In a "fascinatingly evil" plot - as one conservative blogger puts it - liberal blogger Chris Bowers has hatched a plot to "Google bomb" 50 Republican candidates by mounting a concerted effort to link to negative articles about them, thus driving those articles to the top of Google's search results.
For example, Googling "Clay Shaw" - a Florida Republican House member - returns in the #7 spot US News article on the representative's difficulties in light of the Mark Foley scandal. (It would be ranked higher if you ignored links to the other Clay Shaw, who was tried for the assassination of JFK.)
That's because bloggers at MyDD.com have been intentionally pointing to that article in their blogs in a concerted effort to play Google's ranking system. It appears to be working. On a ranking page posted today, Bowers reports on how the effort is going. It's not a total success but it's definitely having an impact on the search results.
The New York Times covered the story today, so Bowers' pages are getting a traffic boost of their own, which might inspire even more bloggers to join the effort.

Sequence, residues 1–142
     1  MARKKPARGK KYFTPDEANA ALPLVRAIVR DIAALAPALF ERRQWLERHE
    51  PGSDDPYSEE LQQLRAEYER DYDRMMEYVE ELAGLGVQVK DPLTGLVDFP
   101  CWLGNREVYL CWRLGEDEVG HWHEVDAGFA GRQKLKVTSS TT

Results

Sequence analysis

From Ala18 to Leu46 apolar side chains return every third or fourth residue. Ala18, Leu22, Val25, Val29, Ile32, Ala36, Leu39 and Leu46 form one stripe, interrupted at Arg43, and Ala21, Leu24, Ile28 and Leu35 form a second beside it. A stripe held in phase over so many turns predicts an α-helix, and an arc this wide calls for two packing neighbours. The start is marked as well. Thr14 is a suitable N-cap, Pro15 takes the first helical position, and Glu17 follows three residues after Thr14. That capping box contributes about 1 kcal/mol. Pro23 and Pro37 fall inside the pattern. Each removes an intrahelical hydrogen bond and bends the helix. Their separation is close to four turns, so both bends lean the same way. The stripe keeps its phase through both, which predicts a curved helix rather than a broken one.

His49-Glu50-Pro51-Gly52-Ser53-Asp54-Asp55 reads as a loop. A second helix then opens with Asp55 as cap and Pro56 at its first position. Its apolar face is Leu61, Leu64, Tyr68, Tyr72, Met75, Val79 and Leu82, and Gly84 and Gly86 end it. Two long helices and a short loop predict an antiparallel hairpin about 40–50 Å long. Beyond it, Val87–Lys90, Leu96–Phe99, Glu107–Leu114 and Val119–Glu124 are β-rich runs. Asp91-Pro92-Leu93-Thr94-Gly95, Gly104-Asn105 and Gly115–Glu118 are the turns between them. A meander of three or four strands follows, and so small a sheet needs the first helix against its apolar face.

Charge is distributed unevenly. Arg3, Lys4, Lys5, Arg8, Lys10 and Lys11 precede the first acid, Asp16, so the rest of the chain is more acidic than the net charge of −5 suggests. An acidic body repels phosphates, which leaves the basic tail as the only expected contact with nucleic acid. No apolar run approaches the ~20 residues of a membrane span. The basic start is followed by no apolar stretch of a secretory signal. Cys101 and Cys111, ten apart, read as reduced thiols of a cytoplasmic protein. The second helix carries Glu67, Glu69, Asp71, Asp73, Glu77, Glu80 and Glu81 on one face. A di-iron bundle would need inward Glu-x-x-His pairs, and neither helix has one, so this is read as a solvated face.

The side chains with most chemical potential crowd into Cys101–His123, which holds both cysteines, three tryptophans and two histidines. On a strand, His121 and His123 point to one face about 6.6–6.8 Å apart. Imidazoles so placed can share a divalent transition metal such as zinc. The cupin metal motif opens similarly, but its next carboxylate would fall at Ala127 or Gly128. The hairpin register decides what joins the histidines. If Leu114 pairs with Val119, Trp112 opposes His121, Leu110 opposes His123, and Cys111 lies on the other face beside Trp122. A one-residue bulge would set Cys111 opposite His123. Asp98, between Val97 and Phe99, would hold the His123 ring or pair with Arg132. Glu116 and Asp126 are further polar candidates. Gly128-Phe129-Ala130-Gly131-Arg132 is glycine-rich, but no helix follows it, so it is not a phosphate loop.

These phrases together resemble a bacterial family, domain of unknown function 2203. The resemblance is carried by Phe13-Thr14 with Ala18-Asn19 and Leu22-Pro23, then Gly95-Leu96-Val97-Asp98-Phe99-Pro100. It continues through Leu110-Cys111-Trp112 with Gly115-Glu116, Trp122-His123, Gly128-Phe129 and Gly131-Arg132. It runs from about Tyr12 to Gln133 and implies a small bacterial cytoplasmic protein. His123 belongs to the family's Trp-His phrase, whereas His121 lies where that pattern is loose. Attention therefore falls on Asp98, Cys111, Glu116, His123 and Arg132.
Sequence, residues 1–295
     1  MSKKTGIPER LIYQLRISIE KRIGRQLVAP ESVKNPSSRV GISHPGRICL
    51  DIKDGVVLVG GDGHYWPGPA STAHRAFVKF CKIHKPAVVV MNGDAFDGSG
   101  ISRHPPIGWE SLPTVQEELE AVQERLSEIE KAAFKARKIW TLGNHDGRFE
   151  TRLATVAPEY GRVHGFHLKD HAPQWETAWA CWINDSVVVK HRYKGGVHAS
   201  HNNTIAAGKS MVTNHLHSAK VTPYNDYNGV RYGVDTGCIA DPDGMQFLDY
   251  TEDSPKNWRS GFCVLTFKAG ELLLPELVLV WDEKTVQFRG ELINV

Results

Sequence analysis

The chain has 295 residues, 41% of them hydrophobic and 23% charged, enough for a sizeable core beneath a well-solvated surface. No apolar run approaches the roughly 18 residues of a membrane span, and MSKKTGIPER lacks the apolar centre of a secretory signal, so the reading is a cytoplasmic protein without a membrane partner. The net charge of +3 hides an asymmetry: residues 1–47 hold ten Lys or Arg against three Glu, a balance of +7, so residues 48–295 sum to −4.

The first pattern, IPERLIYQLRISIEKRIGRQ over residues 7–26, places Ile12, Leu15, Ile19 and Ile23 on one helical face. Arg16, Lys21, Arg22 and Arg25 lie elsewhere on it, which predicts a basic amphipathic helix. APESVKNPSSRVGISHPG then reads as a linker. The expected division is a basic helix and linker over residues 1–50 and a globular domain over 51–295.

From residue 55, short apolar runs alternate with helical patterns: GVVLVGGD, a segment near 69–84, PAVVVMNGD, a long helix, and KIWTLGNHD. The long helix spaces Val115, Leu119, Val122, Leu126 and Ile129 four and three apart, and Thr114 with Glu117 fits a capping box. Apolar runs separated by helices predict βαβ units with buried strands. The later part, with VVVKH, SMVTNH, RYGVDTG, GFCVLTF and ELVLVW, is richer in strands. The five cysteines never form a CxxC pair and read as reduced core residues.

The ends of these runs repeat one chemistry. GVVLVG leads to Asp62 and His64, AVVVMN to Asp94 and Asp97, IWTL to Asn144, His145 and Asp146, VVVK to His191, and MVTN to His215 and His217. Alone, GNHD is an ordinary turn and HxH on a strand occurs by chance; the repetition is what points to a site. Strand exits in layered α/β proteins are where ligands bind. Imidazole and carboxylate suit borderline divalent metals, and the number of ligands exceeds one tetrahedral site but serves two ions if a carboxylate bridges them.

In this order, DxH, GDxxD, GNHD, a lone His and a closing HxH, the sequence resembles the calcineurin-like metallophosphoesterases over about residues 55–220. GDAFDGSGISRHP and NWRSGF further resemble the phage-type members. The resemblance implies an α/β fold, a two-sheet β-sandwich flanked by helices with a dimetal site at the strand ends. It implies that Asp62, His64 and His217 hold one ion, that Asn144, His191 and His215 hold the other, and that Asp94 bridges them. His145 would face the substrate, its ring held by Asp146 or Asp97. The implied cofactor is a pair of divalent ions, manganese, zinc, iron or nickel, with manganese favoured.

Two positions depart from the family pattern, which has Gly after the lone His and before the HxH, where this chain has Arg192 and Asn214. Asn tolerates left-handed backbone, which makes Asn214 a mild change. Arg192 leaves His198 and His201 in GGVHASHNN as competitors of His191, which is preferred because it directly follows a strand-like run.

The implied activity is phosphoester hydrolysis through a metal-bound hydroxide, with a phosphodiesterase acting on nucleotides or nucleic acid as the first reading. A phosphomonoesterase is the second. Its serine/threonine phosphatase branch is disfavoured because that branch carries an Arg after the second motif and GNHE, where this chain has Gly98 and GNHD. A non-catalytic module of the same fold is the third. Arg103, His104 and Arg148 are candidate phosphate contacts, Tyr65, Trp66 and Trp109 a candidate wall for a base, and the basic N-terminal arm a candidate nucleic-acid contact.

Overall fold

The project was originally aimed at 70 Republican candidates but was scaled back to roughly 50 because Chris Bowers, who conceived it, thought some of the negative articles too partisan.
The articles to be used “had to come from news sources that would be widely trusted in the given district,” said Mr. Bowers, a contributor at MyDD.com (Direct Democracy), a liberal group blog. “We wanted actual news reports so it would be clear that we weren’t making anything up.”
Bowers also conceived of launching an AdWords campaign to promote those articles, but that part of the campaign will likely not happen due to time constraints.
The Times points out that it would be much harder to pull this off on, say, John McCain, because so many articles reference him. But for more obscure candidates like Shaw or Arizona's "other senator" Jon Kyl, the Google Bomb effect may be potent. Here's Bowers' advice to his coconspirators:
- We've got to have the candidate's name in the title.
- Probably, we should google the name in the first place and choose something that comes up in the first 15-20 pages.
- We should choose articles with local resonance. The articles can also have national focus, but they absolutely should be local.
- We need to be conscious of shared/common names. Charles Taylor and Peter King are names shared by lots of noteworthy people, all the more reason to find a preexistingly popular article.
- If we do this again in 2008, we should start early, expand the field, and introduce articles on a rolling basis before dropping the complete list a few weeks ahead of the election.